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Opera, by its very nature, arouses intense reactions. Likes and dislikes tend to be extreme and partisan, and when opera lovers discuss the relative merits of their favorite singers unanimity is rare. In the first two decades of this century, however, there was one point over which few people disagreed. Amongst those who heard him, those who wrote about him and (to my mind the most significant indication of all) those who sang with him,
Caruso was considered quite simply incomparable.
Born on February 27th (or possibly 25th) 1873 into extreme poverty, he grew up as a typical Neapolitan slum child, but by the time he died in the same city at the age of only 48 he had achieved such fame and honor throughout the world that the King of Italy gave orders for the Basilica di San Francesco di Paola, normally reserved for royal occasions, to be used for the funeral service.
It can perhaps be taken as one indication of Caruso’s vocal supremacy, that when he came in 1910 with the company of the Metropolitan Opera, New York – a company whose roster read like a list of Who’s Who in Opera – for a brief season in Paris, anyone wanting to book for a Caruso evening was obliged to do so for a non-Caruso evening as well. One might suppose that such pre-eminence would have made Caruso an object of envy within his profession, but that was not the case, and whenever he is referred to in colleagues’ memoirs it is with unstinting admiration and affection. John McCormack described how, on hearing Caruso’s opening phrase in La Bohème, ‘my jaw dropped, as though hung on a hinge.’ Geraldine Farrar recalled that when she first met Caruso at a rehearsal she found herself confronted by ‘an apparition in screaming checks,’ but that when he opened his mouth to sing full voice in the performance she was so mesmerised that she missed her next few cues. His sartorial extravagance was taken in hand by his elegant baritone friend Antonio Scotti, who introduced Caruso to his London tailor while they were at Covent Garden; and a delightful vignette of the great tenor at that time is to be found in the memoirs of Percy Pitt, Covent Garden’s head conductor. ‘He was not only a very reliable artist,’ Pitt wrote, ‘but a delightful creature to have about the place, larking around and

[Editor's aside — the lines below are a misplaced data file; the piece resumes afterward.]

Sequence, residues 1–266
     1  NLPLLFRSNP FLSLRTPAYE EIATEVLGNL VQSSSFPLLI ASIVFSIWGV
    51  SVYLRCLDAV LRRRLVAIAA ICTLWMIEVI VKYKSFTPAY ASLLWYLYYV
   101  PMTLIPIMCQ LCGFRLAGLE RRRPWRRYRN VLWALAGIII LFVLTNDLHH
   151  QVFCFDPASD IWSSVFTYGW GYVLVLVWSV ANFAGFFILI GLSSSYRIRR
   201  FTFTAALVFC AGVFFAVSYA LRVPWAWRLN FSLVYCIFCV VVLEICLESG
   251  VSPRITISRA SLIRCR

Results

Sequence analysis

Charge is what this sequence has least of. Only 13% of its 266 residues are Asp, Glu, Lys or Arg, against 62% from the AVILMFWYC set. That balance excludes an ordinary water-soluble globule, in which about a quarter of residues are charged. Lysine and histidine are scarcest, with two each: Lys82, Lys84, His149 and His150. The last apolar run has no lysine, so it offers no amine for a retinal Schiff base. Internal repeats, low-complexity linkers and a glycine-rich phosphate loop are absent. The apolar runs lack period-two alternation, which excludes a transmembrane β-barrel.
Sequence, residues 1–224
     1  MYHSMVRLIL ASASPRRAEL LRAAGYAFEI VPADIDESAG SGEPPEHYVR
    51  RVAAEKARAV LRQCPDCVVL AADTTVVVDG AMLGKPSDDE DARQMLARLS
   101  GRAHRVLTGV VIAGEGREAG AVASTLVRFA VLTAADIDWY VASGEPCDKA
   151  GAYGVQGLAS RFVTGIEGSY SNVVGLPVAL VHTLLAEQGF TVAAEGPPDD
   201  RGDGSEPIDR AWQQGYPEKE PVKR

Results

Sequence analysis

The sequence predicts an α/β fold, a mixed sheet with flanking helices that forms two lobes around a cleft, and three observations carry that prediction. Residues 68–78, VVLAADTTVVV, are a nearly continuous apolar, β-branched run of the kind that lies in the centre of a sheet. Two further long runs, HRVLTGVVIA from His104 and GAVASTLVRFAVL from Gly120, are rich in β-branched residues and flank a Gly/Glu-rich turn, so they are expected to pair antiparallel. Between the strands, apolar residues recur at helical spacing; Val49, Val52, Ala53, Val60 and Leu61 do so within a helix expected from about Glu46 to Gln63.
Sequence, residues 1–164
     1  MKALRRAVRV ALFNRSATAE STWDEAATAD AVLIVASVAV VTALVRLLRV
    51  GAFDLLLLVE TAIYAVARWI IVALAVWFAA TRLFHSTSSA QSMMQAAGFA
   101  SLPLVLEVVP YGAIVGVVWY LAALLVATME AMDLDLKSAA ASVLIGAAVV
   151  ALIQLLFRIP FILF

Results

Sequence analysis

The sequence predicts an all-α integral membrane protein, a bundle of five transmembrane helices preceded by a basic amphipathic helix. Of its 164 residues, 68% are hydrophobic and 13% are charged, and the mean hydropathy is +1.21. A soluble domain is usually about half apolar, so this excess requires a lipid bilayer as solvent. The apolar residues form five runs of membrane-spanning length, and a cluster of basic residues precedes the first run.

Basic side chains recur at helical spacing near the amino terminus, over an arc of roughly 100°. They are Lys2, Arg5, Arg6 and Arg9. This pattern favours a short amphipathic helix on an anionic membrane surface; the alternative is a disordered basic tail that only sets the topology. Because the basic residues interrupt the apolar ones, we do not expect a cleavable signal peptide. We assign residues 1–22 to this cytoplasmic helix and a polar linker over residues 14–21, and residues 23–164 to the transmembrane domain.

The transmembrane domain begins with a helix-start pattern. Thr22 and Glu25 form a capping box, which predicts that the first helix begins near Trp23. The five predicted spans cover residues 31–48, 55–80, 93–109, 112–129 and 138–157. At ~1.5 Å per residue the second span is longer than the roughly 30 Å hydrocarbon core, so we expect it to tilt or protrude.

playing practical jokes.’ It was the tradition that the principal singers should meet for gargantuan lunches at a restaurant called Guffanti’s and, as Pitt continues, ‘Caruso was always the life and soul of these gatherings. When he ceased to come to Covent Garden with such regularity the meetings were gradually dropped; without him there seemed no
reason for their existence.’
Despite the exuberant jocularity of his early days Caruso was always a dedicated and conscientious professional. That formidable figure Otto Klemperer once wrote of him ‘In 1910 he visited Hamburg as a guest artist, where I had the honor of conducting his three performances. It was a very real pleasure, for Caruso was an exceedingly musical singer, who adapted himself perfectly to the ensemble, without showing a trace of soloist’s temperament.’ Certainly Caruso’s many ensemble recordings, of which this disc offers such a splendid selection, fully bear this out. Whether called upon to match the ravishing soft high tones of Johanna Gadski in Aida, or the vicious fury of Pasquale Amato in Forza, Caruso invariably uses the extraordinary range of color at his disposal to blend his voice with his partners rather than to prove his own vocal supremacy. Not a self- effacing singer, but a generous one.

In other senses, too, Caruso’s generosity was legendary. At Christmas a truck would draw up at the stage door of the Met bearing a present for every single employee in the house, and at his death it was found that over 120 people were on his list for regular financial assistance. Perhaps the most touching tribute to Caruso’s human qualities is to be found in
the memoirs of his successor as the world’s favorite Italian tenor, Beniamino Gigli. Referring to his own good fortune in coming from a friendly rural community, Gigli wrote ‘I wonder what would have become of me if, like him, I had been born in a city slum; for I did not have the gifts of personality that enabled Caruso to create life and warmth around him wherever he went.’ High praise indeed from a colleague who had had
to spend his own early days in the great man’s shadow; but even today, so long after Caruso’s recordings were made, the personality, the life and the warmth still leap with extraordinary immediacy from every phrase that he sings.